Considering the whimsical iconography of Bill Nye, a documentary on him should only expect to have the lighthearted charm of the zany, perpetually bowtied educator whose PBS show Bill Nye the Science Guy inspired a generation of kids to explore the sciences.
That was the original plan for the upcoming film Bill Nye: Science Guy, an engaging documentary portrait of Nye premiering in the Bay Area this Friday, Nov. 17.
“But then Donald Trump got elected president, and everything got readjusted,” Nye said recently while backstage at the Marines Memorial Theatre before a public discussion with the environmental nonprofit Climate One.
“We focused on his beginning as a comedian in Seattle on a show called Almost Live. We actually saw Bill do stand-up in present day,” San Francisco filmmaker and co-director Jason Sussberg said of the film’s early focus. “We had to cut all this levity out because all of a sudden it felt wrong given the state of affairs, the state of science.”
Instead, the film shifted toward Nye’s current efforts combating the growing anti-science movement, whether through his battles with influential climate skeptics and creationists, or his efforts with The Planetary Society, the space exploration nonprofit that Carl Sagan (once Nye’s college professor) founded and for which Nye serves as CEO.
“Science has always been political. What you want is not have it be partisan,” Nye later said on-stage to applause from the visiting audience.
In the years since his PBS show ended in 1999, Nye, now 61, has ascended into a sort of cult hero status among millennials and eventually become, as his friend Neil Degrasse Tyson says in the film, our “science statesman.” Just this year, Nye has released a new book, Everything All at Once, and another science education show on Netflix, Bill Nye Saves the World.
Yet Nye remains somewhat perplexed when scientists the world over credit his Science Guy show as the inspiration for their careers.
“I still am overwhelmed by it,” Nye said. “And understand, we made the thing in a warehouse in Seattle! And we did it there because the rent was cheap.”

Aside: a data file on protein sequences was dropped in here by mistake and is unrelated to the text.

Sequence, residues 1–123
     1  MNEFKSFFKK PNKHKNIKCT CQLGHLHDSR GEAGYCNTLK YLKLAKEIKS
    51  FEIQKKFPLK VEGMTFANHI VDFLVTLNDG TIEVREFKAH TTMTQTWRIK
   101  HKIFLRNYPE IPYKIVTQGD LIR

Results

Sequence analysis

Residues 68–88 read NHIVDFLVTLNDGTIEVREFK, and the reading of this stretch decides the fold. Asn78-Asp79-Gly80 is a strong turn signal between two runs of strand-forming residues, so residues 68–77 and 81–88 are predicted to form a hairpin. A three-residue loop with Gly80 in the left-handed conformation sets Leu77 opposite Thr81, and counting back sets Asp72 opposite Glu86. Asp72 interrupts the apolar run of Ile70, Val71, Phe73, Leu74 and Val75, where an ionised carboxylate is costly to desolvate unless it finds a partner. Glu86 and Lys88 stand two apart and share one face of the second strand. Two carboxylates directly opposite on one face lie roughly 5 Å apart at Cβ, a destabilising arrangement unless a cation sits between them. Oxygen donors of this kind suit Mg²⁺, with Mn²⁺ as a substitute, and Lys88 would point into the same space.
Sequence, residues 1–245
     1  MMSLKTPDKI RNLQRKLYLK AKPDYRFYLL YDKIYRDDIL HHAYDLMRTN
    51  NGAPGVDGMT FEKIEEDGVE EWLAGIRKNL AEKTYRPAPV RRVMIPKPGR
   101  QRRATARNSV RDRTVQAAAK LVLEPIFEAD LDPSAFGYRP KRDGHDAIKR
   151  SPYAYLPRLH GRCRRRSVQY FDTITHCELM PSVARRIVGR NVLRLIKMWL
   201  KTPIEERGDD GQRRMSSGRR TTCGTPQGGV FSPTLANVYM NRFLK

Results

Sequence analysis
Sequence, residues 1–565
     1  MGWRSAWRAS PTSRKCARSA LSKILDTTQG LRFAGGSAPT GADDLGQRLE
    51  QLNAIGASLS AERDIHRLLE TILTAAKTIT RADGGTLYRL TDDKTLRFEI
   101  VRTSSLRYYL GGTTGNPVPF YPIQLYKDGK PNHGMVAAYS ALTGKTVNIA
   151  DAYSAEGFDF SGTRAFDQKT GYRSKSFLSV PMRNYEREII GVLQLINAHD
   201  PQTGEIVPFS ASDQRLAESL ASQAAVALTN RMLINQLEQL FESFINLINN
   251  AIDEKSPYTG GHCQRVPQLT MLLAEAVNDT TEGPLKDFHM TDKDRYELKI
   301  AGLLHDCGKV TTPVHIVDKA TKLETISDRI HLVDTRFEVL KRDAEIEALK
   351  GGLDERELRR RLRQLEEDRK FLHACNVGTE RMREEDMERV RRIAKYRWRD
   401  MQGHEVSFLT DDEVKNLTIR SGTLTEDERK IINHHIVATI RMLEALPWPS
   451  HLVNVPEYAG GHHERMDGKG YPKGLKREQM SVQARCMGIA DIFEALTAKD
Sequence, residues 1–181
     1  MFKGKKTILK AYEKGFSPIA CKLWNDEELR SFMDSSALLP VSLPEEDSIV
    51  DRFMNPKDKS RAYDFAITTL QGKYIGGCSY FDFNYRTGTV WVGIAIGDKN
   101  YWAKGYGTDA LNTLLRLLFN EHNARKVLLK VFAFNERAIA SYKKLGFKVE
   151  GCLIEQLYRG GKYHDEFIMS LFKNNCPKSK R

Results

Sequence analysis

The fame, though, carries its own scrutiny with it. Political pundits, and even scientists, have levied criticism at Nye as the spokesperson for concerns some claim he is untrained to deal in. Sussberg’s documentary partly chronicles these frustrations, along with the motivations and at times vulnerable personal history of Nye the person, under the weight of his icon status.
Nye, who signed away creative control to the film for the sake of an honest portrait, squirms at these peeks behind the curtain. At one point in the film, a neurologist appears to psychoanalyze Nye, digging briefly into his personal life.
“None of your business, man!” Nye said with a laugh in reaction to seeing these moments on-screen.
But he still relishes the job — in spite of, if not because of, the heightened exposure. In another instance in the film, a friend tellingly explains that Nye’s desire was always to become famous, an assumption Nye takes slight issue with.
“I like being on television. I like it! The same way you’ll meet people who like being on stage,” he said. Backstage at the screening, Nye was noticeably more grounded than onstage, where he tilted answers with comedic add-ins for a readily indulgent audience. “But what I really wanted, I tell everybody — it wasn’t so much that I wanted to be famous. I wanted, still want, to be influential.”
Nye sees his influence as perhaps more urgent than ever amid the politically and culturally fraught moment surrounding climate change and science as a whole. The personal attacks are peripheral baggage to Nye’s concerns over the currently dubious treatment of fact and truth.
But Nye remains optimistic, especially on the response to climate change.
“I think it’s going to turn around like that,” Nye said, snapping his fingers. “Climate deniers are almost all of a certain age, and when they stop being influential, people who are young right now are going to take over and turn the whole thing around. The question is, will it be fast enough?”
While Nye and The Planetary Society look to revolutionize space travel with their solar-powered LightSail spacecraft (a large focus of the film), Nye sees an incoming wave of change, from none other than the generation who grew up watching the “Science Guy.”
“I think when they get to be captains of industry, the world is going to change for the better. People will respect facts again,” Nye said. “I think that’s coming, but it’s 10 years away.”
‘Bill Nye: Science Guy’ opens Friday, Nov. 17 at the Opera Plaza Cinema in San Francisco, and Saturday, Nov. 18 at the Shattuck Cinema in Berkeley. Director Q&As will follow select showings. For tickets and more information, click here.